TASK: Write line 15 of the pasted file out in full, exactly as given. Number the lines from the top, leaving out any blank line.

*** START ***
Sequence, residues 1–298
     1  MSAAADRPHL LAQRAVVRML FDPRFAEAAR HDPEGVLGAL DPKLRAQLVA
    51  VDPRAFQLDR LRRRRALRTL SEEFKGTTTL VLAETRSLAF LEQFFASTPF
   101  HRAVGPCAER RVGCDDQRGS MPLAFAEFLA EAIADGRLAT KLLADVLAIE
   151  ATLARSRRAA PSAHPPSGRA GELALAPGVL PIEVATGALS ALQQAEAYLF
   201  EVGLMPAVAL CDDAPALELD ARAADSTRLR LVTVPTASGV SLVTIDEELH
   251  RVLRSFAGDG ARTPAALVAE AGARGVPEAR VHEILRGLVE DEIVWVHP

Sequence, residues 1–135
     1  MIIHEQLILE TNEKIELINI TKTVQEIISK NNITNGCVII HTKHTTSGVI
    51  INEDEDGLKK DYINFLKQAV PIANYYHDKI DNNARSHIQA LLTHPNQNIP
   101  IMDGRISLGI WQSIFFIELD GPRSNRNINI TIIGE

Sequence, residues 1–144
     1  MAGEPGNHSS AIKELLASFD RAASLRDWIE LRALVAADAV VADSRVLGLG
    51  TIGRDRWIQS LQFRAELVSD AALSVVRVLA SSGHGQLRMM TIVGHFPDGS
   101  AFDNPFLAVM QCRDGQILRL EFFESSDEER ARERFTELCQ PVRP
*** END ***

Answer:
   101  AFDNPFLAVM QCRDGQILRL EFFESSDEER ARERFTELCQ PVRP